[Ádám] participates in a competition called KöMaL. It’s a 9-times-a-month journal for junior high and high school students featuring math and physics problems. [Paul Erdős], one of the most published mathematicians of all time, was a huge participant and by far the most notable student to crack open a copy of KöMaL in its hundred-year history. [Ádám] was trying his hand at a problem in Excel, but the official rules prohibit the use of Excel macros. In a daze, he came up with one of the most clever uses of Excel: building an assembly interpreter with the most popular spreadsheet program.
This is a virtual Harvard architecture machine without writable RAM; the stack is only lots and lots of IFs. The instructions – mostly load, MOV, JNZ, INC, and CMP solves this problem, examining two inputs to see if they multiples of each other. If you’re wondering, an example cell from [Ádám]’s Excel sheet looks like this:
[Ádám] has provided his Excel solution to the problem, available on the hackaday.io. It’s in Hungarian which really shouldn’t matter since it’s basically Excel and a pseudo-x86 instruction set. but the column labels will require a bit of Google Translate.
The Excel subreddit exploded earlier this week when redditor [AyrA_ch] shared his custom spreadsheet that allowed him to play video files on a locked-down work computer. How locked down? With no access to Windows Media Player and IE7 as the only browser (all plugins disabled, no HTML5), Excel became the unlikely hero to cure a 3-hour boredom stint.
Behind the cascade of rectangles and in the land of the Excel macro, [AyrA_ch] took advantage of the program’s VBA (Visual Basic for Applications) functions to circumvent the computer’s restrictions. Although VBA typically serves the more-complex-than-usual macro, it can also invoke some Windows API commands, one of which calls Windows Media Player. The Excel file includes a working playlist and some rudimentary controls: play, pause, stop, etc. as well as an inspired pie chart countdown timer.
As clever as this hack is, the best feature is much more subtle: tricking in-house big brother. [AyrA_ch]’s computer ran an application to monitor process usage, but any videos played through the spreadsheet were attributed to Excel, ensuring the process usage stayed on target. You can download it for yourself over on GitHub.
As many readers may already know, when I’m not featuring your projects or working on the mooltipass I try to make simple things that may be useful to electronics enthusiasts. My latest creation is a simple bill of materials generation tool, which can also do simple stock management. Unfortunately for Linux users, this utility is made using Visual Basic functions in an Excel file.
It works fairly simply: just enter your schematics’ components references in the excel sheet, along with the corresponding Digikey webpage address. Click on the “fetch” button and the script will automatically get all your component characteristics from the internet and tell you the component costs depending on the number of prototypes you want to make. Then click the “sort BoM” button and your BoM will automatically be sorted by component type and value. Another functionality allows you to check that all the components present in your BoM are also present on the (very simple) Kicad generated one. Finally, using another Excel sheet containing your current stock, the Bill of Materials will let you know if you have enough components for the assembly stage. A video of the tool in action is embedded after the break, and you can download the BoM template here (.XLSM file) and the corresponding stock file there (.XLSM file).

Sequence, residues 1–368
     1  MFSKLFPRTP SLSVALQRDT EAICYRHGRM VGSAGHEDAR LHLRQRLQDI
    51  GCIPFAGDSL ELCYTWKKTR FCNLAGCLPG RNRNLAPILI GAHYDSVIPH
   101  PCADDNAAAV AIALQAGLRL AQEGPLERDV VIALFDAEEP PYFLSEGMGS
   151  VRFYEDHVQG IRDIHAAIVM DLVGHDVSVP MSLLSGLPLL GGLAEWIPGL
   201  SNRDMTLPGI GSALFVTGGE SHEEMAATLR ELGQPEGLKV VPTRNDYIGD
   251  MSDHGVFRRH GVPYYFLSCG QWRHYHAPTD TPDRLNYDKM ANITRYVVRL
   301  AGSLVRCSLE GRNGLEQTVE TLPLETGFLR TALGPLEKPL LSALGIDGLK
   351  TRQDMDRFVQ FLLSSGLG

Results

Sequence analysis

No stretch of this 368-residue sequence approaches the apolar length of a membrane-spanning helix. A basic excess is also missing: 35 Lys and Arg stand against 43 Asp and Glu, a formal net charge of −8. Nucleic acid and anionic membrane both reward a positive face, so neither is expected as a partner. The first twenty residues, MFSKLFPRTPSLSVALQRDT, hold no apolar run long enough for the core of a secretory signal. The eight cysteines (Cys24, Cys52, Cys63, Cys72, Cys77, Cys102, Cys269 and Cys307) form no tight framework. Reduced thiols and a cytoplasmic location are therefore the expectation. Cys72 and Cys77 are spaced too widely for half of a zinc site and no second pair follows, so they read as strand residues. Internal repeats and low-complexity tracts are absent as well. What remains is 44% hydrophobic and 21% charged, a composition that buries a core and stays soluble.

Continue reading “A Simple (and Dirty) Bill of Materials and Stock Management Utility”
[Greg] has been fascinated with the Game of NIM ever since he was a freshman in highschool. Recently he remembered it and decided to try his hand at making an AI version to play, written using Visual Basic.
If you’re not familiar with the game, it’s fairly simple. Each row of lights represents a certain type of object. The players make take as many objects from any one row, per turn. The player with the last object loses.
Now, as you can imagine, writing an AI into a game can be a rather challenging ordeal. [Greg’s] first attempt was to use a memory structure that captures every possible move. There’s only 15 moves, and 1 to 7 lights, and the options decrease as the game goes on so… That can’t be too bad, right? Upon running his freshly written code he got an out-of-memory error. Not just any out-of-memory error either, over an Exabyte of memory was needed! Whoops.
He eventually figured the proper code out, and what resulted in game play was a very interesting experience. You see, the computer learns from each game played. At first, it’s like playing a young child — easy to trick and beat. But as the games progressed, the computer picked up his patterns and never made the same mistake again. He simply lost track of the number of games he played with it, but it just kept getting better at better. Must be pretty satisfying to make something that learns from you — kind of like parenthood…
Anyway, [Greg] has an awesome writeup available on his blog, so you should definitely check it out — we can only summarize so much! Stick around after the break to see a video of the game in action.
Continue reading “The Game of NIM”